National Farm and Safety Health Week is September 17 to 23, 2017. This year's theme is "Putting Farm Safety Into Practice." According to National Education Center for Agricultural Safety (NECAS) this theme hits home and reminds us that it is everyone's responsibility for safety both on the farm and the rural roadways of America.
Your farm-safety program doesn’t have to be complicated, but, for it to work, everyone in the operation needs to buy into it. These seven steps will help you convince managers and employees to take ownership of the safety program and drive the safety agenda.
Ah, the great outdoors—crisp, clean air and the refreshing smell of morning dew! Yes, this is just one of the reasons many of us really love farming. On the other hand, does farming generate hazards for our respiratory systems? Not only is the answer a resounding “yes,” but some of the most treacherous respiratory dangers are actually unique to farming.
Calculating an OSHA Penalty
For agribusiness owners considering options for employee safety training, the question often arises--Will videos alone satisfy OSHA requirements, or do I have to hire a safety expert to come on site and conduct some kind of formal training?
Generally speaking, agriculture doesn’t place enough emphasis on personal protective equipment (PPE). Failure to use PPE can have devastating consequences in both the short-term and long-term.
We’ve all been there.
- Not wearing gloves when you know flowing material has sharpened the edges of the equipment you are working on to a razor edge.
- Not wearing goggles when you know the chemical you are using could harm your eyes.
- Purchasing boots without steel toes out of concern for comfort when you know the steel toe version would better protect your feet.
- Not using ear muffs when we are running the chainsaw even though you know your ears will ring for days afterwards.
With limited specific OSHA training regulations for agriculture, you might think that you have covered all your bases in your safety training and meeting OSHA's training requirements. On the contrary, staying current on all OSHA requirements is an ongoing project for you and your safety team.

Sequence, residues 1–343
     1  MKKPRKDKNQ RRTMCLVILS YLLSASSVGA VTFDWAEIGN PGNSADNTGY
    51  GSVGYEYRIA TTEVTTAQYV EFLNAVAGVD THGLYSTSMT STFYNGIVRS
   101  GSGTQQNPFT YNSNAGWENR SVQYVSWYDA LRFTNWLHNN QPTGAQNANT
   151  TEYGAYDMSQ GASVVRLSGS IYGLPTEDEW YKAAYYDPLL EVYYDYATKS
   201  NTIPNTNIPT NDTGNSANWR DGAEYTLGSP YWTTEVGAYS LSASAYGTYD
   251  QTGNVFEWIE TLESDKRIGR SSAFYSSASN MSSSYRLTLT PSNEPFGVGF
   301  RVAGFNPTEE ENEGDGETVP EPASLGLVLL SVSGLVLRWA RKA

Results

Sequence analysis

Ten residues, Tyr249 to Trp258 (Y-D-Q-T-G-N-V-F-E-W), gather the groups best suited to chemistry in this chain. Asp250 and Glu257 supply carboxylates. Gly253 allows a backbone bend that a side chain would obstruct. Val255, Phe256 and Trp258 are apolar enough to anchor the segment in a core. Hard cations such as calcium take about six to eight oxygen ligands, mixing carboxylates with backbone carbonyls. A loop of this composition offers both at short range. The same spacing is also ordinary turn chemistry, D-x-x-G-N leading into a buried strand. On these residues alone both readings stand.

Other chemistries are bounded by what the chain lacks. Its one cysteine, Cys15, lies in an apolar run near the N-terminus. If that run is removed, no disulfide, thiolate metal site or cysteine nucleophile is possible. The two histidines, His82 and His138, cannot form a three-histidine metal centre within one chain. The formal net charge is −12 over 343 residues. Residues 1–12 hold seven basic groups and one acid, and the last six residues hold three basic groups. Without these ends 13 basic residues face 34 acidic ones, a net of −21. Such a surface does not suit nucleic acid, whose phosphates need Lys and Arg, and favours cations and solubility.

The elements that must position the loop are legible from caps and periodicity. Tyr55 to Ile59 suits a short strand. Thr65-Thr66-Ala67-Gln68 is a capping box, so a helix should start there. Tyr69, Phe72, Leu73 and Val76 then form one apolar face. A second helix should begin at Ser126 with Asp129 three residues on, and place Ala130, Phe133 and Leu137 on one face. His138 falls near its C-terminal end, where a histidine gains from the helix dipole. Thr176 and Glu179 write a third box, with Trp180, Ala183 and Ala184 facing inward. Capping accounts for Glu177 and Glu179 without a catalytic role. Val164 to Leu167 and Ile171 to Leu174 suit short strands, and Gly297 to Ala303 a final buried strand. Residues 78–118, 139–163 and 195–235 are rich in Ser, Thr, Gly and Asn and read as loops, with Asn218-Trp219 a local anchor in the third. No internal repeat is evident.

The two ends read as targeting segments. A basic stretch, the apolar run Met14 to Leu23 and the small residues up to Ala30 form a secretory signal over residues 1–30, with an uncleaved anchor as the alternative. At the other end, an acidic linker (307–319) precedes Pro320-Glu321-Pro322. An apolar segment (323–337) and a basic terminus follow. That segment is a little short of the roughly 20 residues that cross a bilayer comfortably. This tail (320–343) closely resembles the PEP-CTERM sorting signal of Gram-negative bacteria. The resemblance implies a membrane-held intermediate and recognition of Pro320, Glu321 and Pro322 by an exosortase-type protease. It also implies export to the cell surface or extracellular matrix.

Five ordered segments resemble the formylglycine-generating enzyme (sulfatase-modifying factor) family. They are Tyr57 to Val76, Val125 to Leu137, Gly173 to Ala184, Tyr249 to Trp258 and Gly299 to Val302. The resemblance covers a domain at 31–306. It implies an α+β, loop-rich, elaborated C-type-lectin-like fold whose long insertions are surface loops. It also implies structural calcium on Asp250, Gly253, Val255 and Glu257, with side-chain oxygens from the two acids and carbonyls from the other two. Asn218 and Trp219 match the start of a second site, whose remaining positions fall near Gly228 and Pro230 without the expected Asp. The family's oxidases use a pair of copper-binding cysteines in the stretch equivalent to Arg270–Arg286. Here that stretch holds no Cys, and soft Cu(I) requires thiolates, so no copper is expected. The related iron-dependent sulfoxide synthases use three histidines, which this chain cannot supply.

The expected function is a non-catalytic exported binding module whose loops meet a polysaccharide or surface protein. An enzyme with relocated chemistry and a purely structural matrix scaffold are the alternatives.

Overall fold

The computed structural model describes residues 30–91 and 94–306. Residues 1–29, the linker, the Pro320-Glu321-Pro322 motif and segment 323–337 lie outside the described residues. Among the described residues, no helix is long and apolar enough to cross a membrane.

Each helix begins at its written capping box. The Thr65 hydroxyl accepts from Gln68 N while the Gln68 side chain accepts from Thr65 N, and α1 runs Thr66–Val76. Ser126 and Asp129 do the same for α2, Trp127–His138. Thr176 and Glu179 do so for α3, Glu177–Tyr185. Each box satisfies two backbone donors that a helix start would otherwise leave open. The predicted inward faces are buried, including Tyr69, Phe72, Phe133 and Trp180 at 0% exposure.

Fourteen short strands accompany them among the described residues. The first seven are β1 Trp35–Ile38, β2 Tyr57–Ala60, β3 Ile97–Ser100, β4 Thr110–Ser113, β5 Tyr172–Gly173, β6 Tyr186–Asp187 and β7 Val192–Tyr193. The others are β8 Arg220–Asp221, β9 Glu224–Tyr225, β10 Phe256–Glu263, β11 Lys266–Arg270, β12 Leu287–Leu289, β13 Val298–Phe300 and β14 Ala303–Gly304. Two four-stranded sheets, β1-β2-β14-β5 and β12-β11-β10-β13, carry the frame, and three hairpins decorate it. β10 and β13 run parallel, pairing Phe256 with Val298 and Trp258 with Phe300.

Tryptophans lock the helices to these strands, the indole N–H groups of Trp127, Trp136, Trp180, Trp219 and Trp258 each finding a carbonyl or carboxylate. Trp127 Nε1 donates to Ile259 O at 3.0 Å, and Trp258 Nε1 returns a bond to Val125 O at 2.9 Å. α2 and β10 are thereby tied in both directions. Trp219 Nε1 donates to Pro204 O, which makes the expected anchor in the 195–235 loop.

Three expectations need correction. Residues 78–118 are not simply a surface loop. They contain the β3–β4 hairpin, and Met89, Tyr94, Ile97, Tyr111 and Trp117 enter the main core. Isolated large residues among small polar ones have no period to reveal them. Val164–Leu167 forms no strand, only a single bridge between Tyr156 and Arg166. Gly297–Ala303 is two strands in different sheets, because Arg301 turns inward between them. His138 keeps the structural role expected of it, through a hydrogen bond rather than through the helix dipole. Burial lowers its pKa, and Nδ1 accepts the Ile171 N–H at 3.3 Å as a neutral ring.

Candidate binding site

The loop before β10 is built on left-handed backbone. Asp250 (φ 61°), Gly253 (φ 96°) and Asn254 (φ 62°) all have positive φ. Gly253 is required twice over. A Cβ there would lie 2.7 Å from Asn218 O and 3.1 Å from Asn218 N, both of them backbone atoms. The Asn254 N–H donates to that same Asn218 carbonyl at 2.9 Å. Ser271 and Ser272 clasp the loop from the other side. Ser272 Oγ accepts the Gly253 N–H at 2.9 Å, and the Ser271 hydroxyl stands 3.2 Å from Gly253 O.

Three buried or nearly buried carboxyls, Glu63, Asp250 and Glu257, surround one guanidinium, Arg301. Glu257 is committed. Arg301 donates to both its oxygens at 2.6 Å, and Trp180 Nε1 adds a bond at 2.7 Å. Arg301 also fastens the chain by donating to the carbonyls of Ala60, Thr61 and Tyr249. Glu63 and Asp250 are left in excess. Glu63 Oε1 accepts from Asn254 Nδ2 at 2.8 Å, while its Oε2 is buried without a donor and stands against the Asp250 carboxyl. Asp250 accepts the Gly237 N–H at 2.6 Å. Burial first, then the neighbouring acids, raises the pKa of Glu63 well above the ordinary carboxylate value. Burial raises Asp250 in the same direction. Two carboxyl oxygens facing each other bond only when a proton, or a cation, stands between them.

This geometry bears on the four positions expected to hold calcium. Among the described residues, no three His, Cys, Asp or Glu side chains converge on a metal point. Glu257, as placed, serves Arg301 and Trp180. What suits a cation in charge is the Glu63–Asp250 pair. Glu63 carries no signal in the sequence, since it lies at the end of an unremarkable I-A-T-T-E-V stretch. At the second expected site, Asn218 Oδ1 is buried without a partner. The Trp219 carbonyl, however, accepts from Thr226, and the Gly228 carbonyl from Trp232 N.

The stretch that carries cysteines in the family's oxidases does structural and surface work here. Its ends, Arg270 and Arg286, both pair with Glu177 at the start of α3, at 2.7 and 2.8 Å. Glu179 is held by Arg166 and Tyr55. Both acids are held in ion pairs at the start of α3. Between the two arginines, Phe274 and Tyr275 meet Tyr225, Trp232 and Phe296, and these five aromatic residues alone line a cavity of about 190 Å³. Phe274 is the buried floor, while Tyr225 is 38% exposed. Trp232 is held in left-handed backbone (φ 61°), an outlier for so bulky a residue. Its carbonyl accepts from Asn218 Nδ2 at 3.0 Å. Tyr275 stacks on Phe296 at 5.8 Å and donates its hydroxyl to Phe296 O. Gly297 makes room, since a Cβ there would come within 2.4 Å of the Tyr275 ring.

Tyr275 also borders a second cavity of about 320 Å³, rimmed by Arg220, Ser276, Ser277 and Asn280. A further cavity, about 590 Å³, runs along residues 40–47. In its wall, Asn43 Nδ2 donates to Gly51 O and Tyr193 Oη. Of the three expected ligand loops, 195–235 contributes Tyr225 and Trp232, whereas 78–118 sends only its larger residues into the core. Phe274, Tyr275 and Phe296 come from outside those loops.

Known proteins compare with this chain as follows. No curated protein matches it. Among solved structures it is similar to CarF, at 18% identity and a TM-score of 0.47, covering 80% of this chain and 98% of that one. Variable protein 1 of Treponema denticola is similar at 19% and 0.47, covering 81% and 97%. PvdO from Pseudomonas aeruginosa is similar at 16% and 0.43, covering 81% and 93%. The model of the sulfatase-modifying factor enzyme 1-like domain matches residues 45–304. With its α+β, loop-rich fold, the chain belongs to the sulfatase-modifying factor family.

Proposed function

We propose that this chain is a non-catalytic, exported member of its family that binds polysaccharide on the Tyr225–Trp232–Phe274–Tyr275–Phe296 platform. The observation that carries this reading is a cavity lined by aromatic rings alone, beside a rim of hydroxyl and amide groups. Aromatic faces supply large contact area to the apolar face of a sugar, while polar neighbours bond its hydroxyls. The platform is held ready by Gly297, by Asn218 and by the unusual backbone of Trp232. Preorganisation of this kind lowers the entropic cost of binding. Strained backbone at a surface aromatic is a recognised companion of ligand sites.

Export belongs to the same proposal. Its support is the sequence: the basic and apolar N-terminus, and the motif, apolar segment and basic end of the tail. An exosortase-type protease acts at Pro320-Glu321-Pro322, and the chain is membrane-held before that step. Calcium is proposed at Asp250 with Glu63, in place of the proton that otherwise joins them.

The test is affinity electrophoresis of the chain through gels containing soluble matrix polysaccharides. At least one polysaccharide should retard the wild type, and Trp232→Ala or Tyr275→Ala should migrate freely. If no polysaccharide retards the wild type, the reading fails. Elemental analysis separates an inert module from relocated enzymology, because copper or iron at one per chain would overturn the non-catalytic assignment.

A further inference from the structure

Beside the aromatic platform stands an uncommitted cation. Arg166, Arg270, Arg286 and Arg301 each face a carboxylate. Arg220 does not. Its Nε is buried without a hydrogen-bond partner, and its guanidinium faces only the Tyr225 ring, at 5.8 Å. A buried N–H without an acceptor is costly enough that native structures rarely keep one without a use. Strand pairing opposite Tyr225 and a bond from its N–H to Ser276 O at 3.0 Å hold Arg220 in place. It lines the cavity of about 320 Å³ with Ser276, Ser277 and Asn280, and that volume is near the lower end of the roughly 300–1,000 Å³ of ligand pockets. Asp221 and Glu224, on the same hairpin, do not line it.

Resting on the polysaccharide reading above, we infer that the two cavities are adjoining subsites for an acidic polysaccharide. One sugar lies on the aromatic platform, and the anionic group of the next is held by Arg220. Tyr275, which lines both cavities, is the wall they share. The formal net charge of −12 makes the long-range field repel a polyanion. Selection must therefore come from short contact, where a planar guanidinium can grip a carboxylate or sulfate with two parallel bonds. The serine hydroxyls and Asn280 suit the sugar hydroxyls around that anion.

Safety issues must become a top priority. That means creating a strategy that safeguards your employees’ and managers’ safety and fosters a solid expectation for everyone’s complete compliance with OSHA guidelines. These goals will help establish the foundation of a safety culture that, in turn, could lead to higher productivity and profits for your operation.
A dairyman was in a hurry to get some heifers treated and when going over a gate, accidentally stuck a syringe filled with a powerful cattle treatment drug in his leg, just above the knee. He was unconscious before he hit the ground and laid in snow and mud for around four hours before waking up just enough to call for help. A quick-thinking family member called their veterinarian so he could contact the EMT’s to be sure they used the right treatment. If they had used their standard procedure for this type of reaction, they would have killed him instantly. Still, he had to be revived three times on the way to the hospital.
I caught up with a friend last week who owned a large dairy farm and now works for a farm co-op in his “retirement.” When I mentioned ag-safety programs and OSHA compliance, he quickly rolled his eyes and sarcastically said, “Ugh,” with a chuckle.
Important components of ag safety are knowledge and information. Knowing the pharmaceuticals being used on your farm today and knowing how to administer them is key to protecting farm workers, animals, consumers and environment. Today's medicines and chemicals are safer but only if the label instructions and manufacturer recommended safety precautions are followed.